How does a person who’s new to forest bathing get accustomed to practicing it?
Find a natural setting as close to home as possible—a neighborhood park, garden, or even your own backyard—and think of it as your “wild home.” Go there as often as you can until you become familiar with the trees, birds, wildflowers, cactuses and other living things who also call it home.
In my book, The Joy of Forest Bathing—Reconnect with Wild Places & Rejuvenate Your Life, I outline the steps of a forest bathing walk, breaking them down into three major components. Step one is to disconnect from your daily routine and your electronic devices. You can think of the airplane mode setting on your smartphone as “forest bathing mode.” Step two is to breathe deeply and begin to connect by tuning in with each of your senses. Notice what’s in motion; listen for birdsong and the wind; smell the flowers, leaves and earthy fragrances emanating from the ground; touch the stones and rocks, plants and trees. Commune with a tree in any fashion that feels comfortable for you. Get close to a pond, lake, stream, river or ocean. Listen to the water’s sounds and observe any reflections in the water and the life living in and around it.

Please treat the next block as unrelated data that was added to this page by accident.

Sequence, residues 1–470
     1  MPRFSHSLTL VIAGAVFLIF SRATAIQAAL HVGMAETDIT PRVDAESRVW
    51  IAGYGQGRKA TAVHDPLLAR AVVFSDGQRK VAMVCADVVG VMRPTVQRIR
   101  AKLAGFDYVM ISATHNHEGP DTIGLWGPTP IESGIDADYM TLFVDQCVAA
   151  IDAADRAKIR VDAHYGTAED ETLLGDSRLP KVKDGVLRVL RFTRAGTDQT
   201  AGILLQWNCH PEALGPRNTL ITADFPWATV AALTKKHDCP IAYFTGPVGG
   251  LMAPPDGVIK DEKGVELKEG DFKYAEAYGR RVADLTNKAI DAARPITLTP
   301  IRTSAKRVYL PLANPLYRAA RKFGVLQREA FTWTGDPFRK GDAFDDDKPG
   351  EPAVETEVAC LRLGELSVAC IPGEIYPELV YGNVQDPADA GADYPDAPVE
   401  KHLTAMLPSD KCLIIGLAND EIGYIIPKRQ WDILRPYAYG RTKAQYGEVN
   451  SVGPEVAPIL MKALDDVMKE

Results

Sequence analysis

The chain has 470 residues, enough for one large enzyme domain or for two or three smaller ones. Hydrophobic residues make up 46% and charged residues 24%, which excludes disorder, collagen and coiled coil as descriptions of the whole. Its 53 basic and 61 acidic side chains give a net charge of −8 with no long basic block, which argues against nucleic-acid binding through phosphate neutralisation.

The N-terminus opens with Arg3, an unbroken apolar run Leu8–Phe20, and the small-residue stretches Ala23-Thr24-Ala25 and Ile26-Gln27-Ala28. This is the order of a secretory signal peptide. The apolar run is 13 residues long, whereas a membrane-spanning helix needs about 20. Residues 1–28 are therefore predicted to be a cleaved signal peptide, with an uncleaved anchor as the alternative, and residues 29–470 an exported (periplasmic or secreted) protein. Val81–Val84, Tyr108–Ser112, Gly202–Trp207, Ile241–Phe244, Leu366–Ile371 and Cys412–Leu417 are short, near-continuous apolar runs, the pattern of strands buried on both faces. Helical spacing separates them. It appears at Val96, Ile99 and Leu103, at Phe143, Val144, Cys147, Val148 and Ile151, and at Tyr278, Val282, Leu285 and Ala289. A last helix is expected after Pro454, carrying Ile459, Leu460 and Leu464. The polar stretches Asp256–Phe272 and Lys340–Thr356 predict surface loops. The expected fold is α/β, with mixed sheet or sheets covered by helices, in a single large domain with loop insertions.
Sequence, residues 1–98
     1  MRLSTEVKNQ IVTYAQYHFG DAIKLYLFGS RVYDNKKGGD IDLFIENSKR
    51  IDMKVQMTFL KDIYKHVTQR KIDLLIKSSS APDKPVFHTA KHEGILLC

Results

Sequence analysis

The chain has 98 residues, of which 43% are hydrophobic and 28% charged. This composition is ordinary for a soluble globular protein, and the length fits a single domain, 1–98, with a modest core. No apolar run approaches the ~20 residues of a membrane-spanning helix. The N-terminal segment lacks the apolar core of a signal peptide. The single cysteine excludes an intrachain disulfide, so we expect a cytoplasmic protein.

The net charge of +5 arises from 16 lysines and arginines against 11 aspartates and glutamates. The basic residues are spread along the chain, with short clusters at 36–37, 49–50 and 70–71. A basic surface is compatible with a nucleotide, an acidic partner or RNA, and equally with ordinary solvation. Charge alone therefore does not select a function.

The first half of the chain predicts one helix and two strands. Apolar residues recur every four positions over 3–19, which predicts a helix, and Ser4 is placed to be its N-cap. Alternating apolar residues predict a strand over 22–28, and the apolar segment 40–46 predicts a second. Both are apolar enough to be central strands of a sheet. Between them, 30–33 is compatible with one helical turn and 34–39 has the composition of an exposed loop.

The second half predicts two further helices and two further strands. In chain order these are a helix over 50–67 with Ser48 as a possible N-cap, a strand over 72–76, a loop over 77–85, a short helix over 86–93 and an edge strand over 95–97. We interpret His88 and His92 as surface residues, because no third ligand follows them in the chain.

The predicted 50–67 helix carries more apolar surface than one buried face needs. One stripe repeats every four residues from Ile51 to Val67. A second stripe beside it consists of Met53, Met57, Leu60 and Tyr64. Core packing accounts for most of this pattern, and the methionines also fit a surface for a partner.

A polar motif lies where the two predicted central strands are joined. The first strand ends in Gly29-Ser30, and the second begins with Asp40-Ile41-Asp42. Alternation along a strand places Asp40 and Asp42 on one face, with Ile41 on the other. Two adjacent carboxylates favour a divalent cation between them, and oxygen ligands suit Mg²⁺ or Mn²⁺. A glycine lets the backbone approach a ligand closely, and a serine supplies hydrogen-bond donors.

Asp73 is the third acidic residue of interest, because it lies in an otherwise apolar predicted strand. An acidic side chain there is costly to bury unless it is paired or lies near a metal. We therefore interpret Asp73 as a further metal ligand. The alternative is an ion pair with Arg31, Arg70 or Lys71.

Step three is your transition back to daily life. You may wish to read or recite some poetry, drink some tea and have a snack. Think about what you want to bring back to your daily routine from your forest bathing experience and make the transition as smooth and easy as possible. Once you become familiar with the practice of forest bathing, you can do it anywhere, anytime. I forest bathe as I’m walking to my car, taking out the trash, emerging from the metro. It becomes habitual to notice the sun, moon and stars, feel the air, and listen for all sorts of natural sounds blending in with the sounds of the city.
Is there one time of the year that’s best for forest bathing?